Today I went to a funeral for the mother of a very good friend of mine. Granted, I've only hung out with my friend a few times since The Dude was born, because once he happened my lifestyle changed. (Okay, admittedly I had a rocky few months that first year, but I've cleaned up my act.) The last time Mark and I got together was a few months ago, when he and I went to Sole Mio and then the Nashville Symphony together, a fantastic night I promised him I would blog about and then never did.
Mark has always, always been very good to me. He's a prosperous attorney who divorced shortly after I met him. I was bartending at Ole Neighborhood, and he was ending a 20-something year marriage. He was single, I was single, and we had the same tastes. We were quite the "couple" about town for many years: we hit all the good parties, the benefits, the black-tie fundraisers. Eventually I started writing for The Wilson Post newspaper, still bartending on the weekends, so between the two of us we were invited to basically every event worth going to in the immediate area. It was fun, and one of the reasons why I don't think I "missed out" on anything when I had my son. I had that single lifestyle, the partying, the late nights, for years. Hell, I was nearly 27 years old when I had The Dude: I'd had my fun.
But Mark was there the day The Dude was born, beaming, proud and beatific and terrified right along with me. I don't have to see the photograph taken of him holding The Dude, so tiny and hidden in the blankets and born over a month early, to remember how Mark simply glowed with the knowledge of another little me in the world.
Then, as it does, life intervenes. I became more and more absorbed with work and writing, with guiding The Dude and everything that goes along with that, and Mark retreated from the community spotlight, redecorated his house, and sent two of his boys to college. There were the random text messages, pics exchanged via cell phones, but no real contact except when both of my grandparents died, and I barely remember that, steeped in a fog of grief and fear.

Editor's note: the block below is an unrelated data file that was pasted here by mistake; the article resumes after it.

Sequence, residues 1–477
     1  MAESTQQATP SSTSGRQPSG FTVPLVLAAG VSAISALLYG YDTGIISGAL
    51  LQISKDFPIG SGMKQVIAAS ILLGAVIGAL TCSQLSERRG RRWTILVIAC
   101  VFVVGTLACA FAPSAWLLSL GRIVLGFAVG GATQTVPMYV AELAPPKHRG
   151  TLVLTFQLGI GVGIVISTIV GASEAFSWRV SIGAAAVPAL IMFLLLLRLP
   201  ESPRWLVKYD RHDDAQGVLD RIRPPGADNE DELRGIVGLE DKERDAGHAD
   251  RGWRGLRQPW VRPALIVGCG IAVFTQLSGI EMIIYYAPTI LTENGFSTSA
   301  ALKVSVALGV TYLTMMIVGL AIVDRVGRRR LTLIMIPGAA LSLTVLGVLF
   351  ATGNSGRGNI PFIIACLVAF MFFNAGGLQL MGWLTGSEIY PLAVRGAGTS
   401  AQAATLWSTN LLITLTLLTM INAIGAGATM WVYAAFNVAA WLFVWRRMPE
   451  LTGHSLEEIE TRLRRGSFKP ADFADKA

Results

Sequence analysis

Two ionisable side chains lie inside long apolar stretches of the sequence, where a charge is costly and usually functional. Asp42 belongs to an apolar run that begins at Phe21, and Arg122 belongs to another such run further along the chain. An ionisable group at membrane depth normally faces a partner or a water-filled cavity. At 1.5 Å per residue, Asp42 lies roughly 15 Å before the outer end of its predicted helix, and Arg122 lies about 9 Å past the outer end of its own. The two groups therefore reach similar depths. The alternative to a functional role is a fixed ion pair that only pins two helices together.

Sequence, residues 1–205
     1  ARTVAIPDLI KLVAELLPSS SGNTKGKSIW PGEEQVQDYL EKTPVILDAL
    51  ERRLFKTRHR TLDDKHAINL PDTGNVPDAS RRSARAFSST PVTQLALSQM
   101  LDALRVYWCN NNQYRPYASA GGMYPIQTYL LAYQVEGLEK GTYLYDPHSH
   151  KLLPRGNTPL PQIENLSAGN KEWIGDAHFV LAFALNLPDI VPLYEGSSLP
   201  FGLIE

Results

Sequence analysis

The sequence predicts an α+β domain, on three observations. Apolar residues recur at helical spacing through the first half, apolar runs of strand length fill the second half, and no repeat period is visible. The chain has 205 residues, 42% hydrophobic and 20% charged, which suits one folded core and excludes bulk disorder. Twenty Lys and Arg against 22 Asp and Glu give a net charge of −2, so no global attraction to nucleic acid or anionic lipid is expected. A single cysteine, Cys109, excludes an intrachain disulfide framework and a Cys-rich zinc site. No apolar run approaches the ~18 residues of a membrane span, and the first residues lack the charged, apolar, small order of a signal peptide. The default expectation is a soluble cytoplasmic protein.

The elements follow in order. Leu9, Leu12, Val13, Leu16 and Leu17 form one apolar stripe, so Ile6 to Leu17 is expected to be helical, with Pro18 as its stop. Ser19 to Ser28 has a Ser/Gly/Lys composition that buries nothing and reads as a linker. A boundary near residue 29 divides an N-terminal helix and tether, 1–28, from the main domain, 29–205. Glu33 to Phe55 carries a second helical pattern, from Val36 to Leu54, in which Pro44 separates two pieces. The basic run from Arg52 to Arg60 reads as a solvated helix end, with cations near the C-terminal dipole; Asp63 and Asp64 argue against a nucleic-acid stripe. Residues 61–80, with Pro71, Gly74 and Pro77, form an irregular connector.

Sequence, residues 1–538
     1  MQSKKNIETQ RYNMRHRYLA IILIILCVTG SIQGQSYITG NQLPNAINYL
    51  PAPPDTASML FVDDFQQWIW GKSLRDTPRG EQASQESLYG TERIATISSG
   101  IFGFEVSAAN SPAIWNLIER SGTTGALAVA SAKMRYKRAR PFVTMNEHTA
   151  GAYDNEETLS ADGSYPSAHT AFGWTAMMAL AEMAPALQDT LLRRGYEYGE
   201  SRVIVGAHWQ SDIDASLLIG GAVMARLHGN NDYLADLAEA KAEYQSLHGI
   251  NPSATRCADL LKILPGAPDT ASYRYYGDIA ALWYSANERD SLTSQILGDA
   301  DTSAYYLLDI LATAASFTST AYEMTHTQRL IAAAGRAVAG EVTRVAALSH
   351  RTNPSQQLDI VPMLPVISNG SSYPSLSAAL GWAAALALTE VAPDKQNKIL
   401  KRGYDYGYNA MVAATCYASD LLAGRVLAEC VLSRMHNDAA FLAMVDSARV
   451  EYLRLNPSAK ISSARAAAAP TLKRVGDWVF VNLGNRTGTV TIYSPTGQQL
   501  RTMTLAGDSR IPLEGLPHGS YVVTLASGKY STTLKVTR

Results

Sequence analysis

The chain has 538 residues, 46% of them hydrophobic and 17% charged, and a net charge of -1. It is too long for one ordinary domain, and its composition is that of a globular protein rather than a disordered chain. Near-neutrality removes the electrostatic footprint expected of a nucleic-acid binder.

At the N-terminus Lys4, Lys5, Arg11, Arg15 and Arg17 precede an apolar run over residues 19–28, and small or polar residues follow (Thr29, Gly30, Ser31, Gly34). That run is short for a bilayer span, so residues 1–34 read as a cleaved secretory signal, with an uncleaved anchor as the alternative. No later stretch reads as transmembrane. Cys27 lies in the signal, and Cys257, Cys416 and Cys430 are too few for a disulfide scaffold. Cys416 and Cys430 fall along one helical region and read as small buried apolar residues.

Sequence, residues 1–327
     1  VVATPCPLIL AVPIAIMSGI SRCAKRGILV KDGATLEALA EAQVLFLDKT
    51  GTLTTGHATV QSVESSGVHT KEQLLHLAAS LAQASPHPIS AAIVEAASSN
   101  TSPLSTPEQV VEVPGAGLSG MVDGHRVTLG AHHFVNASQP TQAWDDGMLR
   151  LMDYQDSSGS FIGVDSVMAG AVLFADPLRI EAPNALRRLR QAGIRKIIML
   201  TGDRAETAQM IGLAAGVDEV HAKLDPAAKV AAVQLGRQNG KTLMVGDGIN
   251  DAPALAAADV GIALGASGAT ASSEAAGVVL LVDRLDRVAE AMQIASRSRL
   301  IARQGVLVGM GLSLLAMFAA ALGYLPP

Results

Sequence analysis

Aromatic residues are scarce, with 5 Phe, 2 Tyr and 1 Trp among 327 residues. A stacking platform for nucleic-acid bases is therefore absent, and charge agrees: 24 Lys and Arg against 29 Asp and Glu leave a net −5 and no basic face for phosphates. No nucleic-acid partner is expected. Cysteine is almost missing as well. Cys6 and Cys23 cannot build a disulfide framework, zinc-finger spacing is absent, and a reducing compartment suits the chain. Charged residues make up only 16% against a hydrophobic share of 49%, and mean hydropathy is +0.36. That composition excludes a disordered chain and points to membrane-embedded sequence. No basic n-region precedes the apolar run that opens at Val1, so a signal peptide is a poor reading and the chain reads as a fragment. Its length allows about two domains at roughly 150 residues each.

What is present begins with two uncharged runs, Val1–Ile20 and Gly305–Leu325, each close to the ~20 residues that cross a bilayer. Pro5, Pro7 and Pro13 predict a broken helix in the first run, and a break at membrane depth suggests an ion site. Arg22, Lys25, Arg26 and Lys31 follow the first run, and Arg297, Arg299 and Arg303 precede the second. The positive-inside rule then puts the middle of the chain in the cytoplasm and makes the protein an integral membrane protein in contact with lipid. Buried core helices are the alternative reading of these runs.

So, it takes a day like today, the funeral of his mother, to bring us back together. Mark held up well: his mother had been in hospice care for months, losing her third battle with cancer, so her passing was not a surprise, but I'm sure a bit of a relief that her long struggle and pain was over, and she could join her beloved husband, who left us a few years ago as well.
But it shouldn't take an event like this to reconnect friends. I sat in the hushed funeral parlor this morning, yellow sunlight streaming through purple and cream stained-glass windows, thinking of how awful it is that Mark's mother died three days before Thanksgiving, on the cusp of the holiday season. How Thanksgiving will never be the same for anyone in his family again.
Then I watched Mark and his family file into the sanctuary, light catching in a flash in his rimless glasses, glinting off the silver hoop in his oldest son's ear. And he sat with his ex-wife, who bent her head toward him and nodded, sniffling. Just two rows back, I looked at the lines of their bodies, how the boys' faces are shaped, the curve of their jawline, just like their mother's, how they all have Mark's gorgeous dark, slightly curly, hair. They sat together, tight, holding themselves and each other together.
That's when I realized that too often we concentrate on what we don't have, what we have lost, instead of what, and especially who, is nearest to us. We watch and wait and covet and need, instead of taking stock of those so close we can literally reach out and touch them.
I'm as guilty, if not more, than anyone of this. That's why this Thanksgiving will be so difficult for me: I know I need to finish the newsletter, and write the Wilson Living article, and at least attempt to work on the novel and Jordan's workshop, and I'm so obsessive and have a tendency to be single-minded when I'm set on something, it's going to take an effort of will to actually stop, calm down, and enjoy myself tomorrow. I will be scooping dressing and ladeling gravy while working on the InDesign spread in my head or worrying about magazine-worthy pictures that I need to make sure get to who needs them, by deadline.
I will not, without consciously trying, be in touch with those around me.
So, this is why I am giving myself permission to reconnect with myself - my non-working self - and with my family. There's no reason not to and too many reason to do it.
And, on Friday, when I'm shopping and stressing and wondering how in the world I'm going to make all this work, that's when I'll worry about deadlines.